“Punting the Pundits” is an Open Thread. It is a selection of editorials and opinions from around the news medium and the internet blogs. The intent is to provide a forum for your reactions and opinions, not just to the opinions presented, but to what ever you find important.

Thanks to ek hornbeck, click on the link and you can access all the past “Punting the Pundits”.

Follow us on Twitter @StarsHollowGzt

New York Times Editorial Board: The Humane Death Penalty Charade

When the United States at last abandons the abhorrent practice of capital punishment, the early years of the 21st century will stand out as a peculiar period during which otherwise reasonable people hotly debated how to kill other people while inflicting the least amount of constitutionally acceptable pain.

The Supreme Court stepped back into this maelstrom on Friday, when it agreed to hear Warner v. Gross, a lawsuit brought by four Oklahoma death-row inmates alleging that the state’s lethal-injection drug protocol puts them at risk of significant pain and suffering. [..]

It is time to dispense with the pretense of a pain-free death. The act of killing itself is irredeemably brutal and violent. If the men on death row had painlessly killed their victims, that would not make their crimes any more tolerable. When the killing is carried out by a state against its own citizens, it is beneath a people that aspire to call themselves civilized.

Joseph E. Stiglitz: Why Stupid Politics Is the Cause of Our Economic Problems

In 2014, the world economy remained stuck in the same rut that it has been in since emerging from the 2008 global financial crisis. Despite seemingly strong government action in Europe and the United States, both economies suffered deep and prolonged downturns. The gap between where they are and where they most likely would have been had the crisis not erupted is huge. In Europe, it increased over the course of the year.

Developing countries fared better, but even there the news was grim. The most successful of these economies, having based their growth on exports, continued to expand in the wake of the financial crisis, even as their export markets struggled. But their performance, too, began to diminish significantly in 2014. [..]

The near-global stagnation witnessed in 2014 is man-made. It is the result of politics and policies in several major economies — politics and policies that choked off demand. In the absence of demand, investment and jobs will fail to materialize. It is that simple.

Robert Reich: Wall Street’s Threat to the American Middle Class

Presidential aspirants in both parties are talking about saving the middle class. But the middle class can’t be saved unless Wall Street is tamed.

The Street’s excesses pose a continuing danger to average Americans. And its ongoing use of confidential corporate information is defrauding millions of middle-class investors.

Yet most presidential aspirants don’t want to talk about taming the Street because Wall Street is one of their largest sources of campaign money. [..]

It’s nice that presidential aspirants are talking about rebuilding America’s middle class.

But to be credible, he (or she) has to take clear aim at the Street.

That means proposing to limit the size of the biggest Wall Street banks; resurrect the Glass-Steagall Act (which used to separate investment from commercial banking); define insider trading the way most other countries do – using information any reasonable person would know is unavailable to most investors; and close the revolving door between the Street and the U.S. Treasury.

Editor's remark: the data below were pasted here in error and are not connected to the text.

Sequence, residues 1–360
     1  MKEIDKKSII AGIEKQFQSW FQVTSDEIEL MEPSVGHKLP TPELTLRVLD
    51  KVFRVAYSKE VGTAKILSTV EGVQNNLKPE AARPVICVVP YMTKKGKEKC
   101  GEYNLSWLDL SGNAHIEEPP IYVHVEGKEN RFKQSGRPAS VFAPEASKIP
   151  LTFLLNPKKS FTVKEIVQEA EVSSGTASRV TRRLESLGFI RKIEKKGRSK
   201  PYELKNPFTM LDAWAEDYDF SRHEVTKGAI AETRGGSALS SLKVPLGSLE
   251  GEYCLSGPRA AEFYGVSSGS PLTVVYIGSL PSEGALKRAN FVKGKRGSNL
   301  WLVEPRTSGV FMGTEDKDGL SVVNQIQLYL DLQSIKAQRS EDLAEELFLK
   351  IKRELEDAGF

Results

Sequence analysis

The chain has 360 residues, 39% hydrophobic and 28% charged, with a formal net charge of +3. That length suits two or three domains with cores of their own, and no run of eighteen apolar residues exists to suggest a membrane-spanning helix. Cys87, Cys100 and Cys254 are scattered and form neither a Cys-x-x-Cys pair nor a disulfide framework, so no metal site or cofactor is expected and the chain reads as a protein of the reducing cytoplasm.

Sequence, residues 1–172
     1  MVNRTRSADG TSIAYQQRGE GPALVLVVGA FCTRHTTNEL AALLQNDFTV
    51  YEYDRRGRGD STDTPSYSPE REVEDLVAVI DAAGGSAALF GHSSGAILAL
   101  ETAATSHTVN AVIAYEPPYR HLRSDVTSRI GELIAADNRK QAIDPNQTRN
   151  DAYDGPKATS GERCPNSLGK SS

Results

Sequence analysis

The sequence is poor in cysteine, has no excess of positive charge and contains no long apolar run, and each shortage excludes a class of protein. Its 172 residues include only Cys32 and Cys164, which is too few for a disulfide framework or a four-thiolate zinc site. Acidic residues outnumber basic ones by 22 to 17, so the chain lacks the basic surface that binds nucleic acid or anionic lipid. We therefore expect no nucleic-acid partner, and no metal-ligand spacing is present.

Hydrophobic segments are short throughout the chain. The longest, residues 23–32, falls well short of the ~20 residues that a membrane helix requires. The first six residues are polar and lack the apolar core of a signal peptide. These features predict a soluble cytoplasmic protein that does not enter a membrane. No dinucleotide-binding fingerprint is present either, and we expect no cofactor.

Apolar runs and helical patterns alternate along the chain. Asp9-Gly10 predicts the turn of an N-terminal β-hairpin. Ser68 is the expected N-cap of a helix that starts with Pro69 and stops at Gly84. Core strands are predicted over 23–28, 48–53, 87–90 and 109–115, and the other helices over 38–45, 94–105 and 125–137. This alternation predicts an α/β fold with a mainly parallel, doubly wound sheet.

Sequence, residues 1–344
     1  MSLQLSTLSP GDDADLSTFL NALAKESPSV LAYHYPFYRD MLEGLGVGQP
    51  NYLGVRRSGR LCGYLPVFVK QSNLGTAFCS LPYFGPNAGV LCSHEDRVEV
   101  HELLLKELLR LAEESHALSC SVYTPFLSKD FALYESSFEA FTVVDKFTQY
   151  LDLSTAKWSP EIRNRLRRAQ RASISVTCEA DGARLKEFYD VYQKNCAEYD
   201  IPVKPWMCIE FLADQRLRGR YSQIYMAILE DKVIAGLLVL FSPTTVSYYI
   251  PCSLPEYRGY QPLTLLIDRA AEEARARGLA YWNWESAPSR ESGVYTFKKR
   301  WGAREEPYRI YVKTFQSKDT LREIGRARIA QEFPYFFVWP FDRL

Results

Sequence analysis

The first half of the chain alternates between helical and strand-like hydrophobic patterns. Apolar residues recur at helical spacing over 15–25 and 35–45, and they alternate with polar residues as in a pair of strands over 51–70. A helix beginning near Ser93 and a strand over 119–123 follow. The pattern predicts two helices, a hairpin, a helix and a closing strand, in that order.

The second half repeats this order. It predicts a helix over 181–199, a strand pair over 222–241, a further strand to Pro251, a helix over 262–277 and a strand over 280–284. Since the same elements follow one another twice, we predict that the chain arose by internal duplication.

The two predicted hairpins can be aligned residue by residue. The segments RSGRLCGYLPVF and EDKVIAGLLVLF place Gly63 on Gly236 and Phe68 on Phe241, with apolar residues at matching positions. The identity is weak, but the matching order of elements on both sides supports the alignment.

It also means not depending on the Street to finance their campaigns.

Sarah Laskow: Snow looks pretty. But climate change and the storms it triggers are dangerous

‘Global warming’ doesn’t stop when winter comes – and dramatic cold weather events are exactly what scientists predict will be the result

It isn’t news to anyone that global temperatures are rising. Last month was the warmest December the world has seen in 135 years. Last year was the warmest year on record: according to the National Oceanic and Atmospheric Administration, the average combined temperature of land and ocean surfaces was 1.24°F about the 20th century average.

Yet, as you may have noticed or read, it’s been snowing on the east coast of the United States – a lot. And that too is the result of what we call “global warming”.

It seems to be counterintuitive. Aren’t we worried about melting ice? Yes. Isn’t snowpack diminishing high in the mountains, where it matters most? Yes. But it is also true that in some places in the world – and the northern United States is one of them – dramatic winter snowstorms are exactly what scientists expect from climate change.

Robert Kuttner: A Break in the Greek Tragedy

Europe should count itself lucky that a leftwing anti-austerity party won the Greek elections, swept into office by citizens who’ve had enough. Elsewhere in Europe, seven years of stupid, punitive, and self-defeating austerity policies have led to gains by the far right.

If a radical left party is now in power in Athens and sending tremors through Europe’s financial markets, the EU’s smug leaders and their banker allies in Frankfurt, Brussels and Berlin have only themselves to blame.

Alexis Tsipras, leader of the winning Syriza coalition, says he doesn’t want Greece to leave the Euro. He just wants Europe’s leaders to renegotiate Greece’s debt. It’s about time. [..]

This crisis could have ended years ago with far less suffering for ordinary people who had no responsibilities for the offending policies. Greece, after all, has about two percent of the EU’s total economic product — and it has about 25 percent less than it had before the crisis. (That’s how well austerity medicine worked.) Writing off Greece’s debt outright would have cost peanuts, and still would.